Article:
Cheating death in prehistory: pathology, trauma, disability, and care during the archaic period in North Alabama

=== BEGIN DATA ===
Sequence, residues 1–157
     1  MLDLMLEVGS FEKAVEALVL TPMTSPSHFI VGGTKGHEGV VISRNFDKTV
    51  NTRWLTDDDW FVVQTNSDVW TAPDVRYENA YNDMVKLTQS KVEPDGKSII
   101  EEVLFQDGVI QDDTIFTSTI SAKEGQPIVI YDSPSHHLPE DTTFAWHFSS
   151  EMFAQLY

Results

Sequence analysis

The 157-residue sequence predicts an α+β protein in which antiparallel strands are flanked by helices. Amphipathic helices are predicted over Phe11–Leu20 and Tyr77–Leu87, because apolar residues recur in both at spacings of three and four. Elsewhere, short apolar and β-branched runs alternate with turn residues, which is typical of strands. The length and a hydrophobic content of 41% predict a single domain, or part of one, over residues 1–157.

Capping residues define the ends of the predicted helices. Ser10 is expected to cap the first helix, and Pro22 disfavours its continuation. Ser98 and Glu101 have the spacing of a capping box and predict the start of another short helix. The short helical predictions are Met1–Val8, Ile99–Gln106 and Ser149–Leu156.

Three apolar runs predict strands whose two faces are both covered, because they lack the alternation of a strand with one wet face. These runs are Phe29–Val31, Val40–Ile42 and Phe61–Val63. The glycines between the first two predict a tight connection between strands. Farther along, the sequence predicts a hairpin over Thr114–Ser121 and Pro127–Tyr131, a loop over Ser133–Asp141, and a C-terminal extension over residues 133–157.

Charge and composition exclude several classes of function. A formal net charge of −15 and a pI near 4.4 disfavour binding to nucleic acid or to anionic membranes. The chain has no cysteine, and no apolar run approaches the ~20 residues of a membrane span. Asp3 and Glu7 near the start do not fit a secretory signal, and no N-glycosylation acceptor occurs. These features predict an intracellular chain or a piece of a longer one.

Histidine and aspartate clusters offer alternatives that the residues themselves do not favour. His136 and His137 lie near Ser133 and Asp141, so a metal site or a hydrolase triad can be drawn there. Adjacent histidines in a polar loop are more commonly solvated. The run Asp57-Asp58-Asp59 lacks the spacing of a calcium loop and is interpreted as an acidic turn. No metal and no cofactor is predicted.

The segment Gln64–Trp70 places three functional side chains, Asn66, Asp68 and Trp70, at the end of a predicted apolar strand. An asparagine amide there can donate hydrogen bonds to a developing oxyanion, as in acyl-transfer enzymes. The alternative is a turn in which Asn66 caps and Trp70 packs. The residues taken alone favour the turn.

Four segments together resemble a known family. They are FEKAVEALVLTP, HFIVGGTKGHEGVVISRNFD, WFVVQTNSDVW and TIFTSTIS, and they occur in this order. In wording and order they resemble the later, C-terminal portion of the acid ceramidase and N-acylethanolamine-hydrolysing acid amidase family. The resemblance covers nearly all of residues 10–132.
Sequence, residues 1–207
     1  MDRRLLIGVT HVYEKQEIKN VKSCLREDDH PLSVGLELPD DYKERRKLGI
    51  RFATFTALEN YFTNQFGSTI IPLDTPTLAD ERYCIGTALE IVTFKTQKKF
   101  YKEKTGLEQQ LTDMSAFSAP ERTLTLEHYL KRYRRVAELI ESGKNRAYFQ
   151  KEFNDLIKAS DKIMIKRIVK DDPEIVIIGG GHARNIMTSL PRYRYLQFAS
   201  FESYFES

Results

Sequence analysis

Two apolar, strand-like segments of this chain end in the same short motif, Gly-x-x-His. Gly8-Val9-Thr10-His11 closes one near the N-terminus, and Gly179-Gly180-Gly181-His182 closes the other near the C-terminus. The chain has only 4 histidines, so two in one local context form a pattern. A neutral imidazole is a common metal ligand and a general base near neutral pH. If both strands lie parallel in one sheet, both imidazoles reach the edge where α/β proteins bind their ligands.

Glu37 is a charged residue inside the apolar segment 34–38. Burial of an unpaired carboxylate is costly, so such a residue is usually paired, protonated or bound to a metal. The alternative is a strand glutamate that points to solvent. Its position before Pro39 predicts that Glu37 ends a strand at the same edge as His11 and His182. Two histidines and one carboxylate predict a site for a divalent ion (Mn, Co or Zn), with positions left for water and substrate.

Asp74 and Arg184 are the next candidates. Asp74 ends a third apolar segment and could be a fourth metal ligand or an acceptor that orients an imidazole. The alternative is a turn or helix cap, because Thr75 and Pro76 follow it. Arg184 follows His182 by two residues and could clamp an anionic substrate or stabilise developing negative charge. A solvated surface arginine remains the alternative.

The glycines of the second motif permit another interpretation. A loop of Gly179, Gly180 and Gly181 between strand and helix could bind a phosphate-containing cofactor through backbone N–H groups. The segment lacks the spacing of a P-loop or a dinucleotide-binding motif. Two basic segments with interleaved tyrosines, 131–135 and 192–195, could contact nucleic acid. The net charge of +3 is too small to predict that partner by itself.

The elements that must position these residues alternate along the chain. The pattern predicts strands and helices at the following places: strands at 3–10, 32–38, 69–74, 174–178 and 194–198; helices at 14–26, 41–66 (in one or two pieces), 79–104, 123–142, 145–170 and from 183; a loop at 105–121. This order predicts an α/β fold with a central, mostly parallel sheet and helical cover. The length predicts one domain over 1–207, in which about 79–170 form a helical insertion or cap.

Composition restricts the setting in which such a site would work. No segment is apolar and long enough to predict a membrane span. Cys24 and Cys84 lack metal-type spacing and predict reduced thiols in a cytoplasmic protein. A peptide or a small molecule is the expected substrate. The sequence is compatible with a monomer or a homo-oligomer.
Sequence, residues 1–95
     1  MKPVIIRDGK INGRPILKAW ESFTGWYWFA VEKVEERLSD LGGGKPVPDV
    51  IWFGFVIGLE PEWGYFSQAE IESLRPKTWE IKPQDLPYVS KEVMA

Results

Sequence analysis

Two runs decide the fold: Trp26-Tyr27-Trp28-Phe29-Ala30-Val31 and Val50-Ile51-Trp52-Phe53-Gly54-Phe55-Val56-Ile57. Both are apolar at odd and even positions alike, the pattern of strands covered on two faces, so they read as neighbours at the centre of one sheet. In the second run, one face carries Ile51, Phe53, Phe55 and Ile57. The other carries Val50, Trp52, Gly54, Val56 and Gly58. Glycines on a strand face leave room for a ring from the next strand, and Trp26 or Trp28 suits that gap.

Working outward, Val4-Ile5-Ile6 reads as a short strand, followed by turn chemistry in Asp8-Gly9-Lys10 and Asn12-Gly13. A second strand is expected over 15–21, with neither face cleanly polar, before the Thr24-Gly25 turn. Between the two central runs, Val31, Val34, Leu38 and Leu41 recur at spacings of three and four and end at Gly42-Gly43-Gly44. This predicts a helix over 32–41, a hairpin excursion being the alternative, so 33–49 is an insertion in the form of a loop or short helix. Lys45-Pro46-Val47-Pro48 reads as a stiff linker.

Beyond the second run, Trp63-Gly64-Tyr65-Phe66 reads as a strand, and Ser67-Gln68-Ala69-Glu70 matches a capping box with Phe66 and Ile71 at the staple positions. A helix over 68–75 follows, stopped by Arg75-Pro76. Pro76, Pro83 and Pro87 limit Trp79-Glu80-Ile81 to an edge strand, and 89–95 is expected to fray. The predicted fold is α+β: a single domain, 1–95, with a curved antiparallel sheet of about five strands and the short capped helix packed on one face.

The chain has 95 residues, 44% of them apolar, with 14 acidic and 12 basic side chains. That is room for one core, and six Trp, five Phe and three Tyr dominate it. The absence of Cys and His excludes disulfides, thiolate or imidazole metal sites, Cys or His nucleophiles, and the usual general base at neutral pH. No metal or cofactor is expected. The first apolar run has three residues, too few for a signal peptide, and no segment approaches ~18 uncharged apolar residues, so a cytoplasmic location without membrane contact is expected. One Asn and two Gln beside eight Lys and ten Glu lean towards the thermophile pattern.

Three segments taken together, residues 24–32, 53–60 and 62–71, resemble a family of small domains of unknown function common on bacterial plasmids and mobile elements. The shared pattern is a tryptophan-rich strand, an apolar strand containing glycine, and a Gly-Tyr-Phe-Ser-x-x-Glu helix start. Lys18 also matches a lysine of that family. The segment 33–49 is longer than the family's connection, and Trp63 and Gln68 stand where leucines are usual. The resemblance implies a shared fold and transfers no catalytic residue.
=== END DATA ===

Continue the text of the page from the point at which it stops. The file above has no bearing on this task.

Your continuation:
Bioarchaeological studies exploring provision of care for the disabled in prehistoric societies often have received criticism on the basis of lack of evidence or inadequate rigorous inquiry. The recently introduced bioarchaeology of care model alleviates these criticisms by providing a standardized methodology for the identification of care in the archaeological record. This study applies this new model for care research to a prehistoric Archaic Period population from the Mulberry Creek site (1Ct27) in North Alabama, exploring possible trends in care. This region has long been known to demonstrate evidence of violence in the past, but has never been examined in relation to what could be viewed as the opposite of violence: caregiving behaviors. It is argued that the use of a combination of skeletal, artefactual, mortuary, and ethnohistorical analysis can reveal important trends in disability and provision of care in prehistory. The results of this study show that care was occurring at the site during the Late Archaic Period, and suggest that the decision to provide care was likely linked to complex social and biological factors of individual and group identity. This information provides valuable insight into the treatment of disabled individuals in the past, and adds to our understanding of the peoples of prehistoric Alabama and the wider Southeastern United States.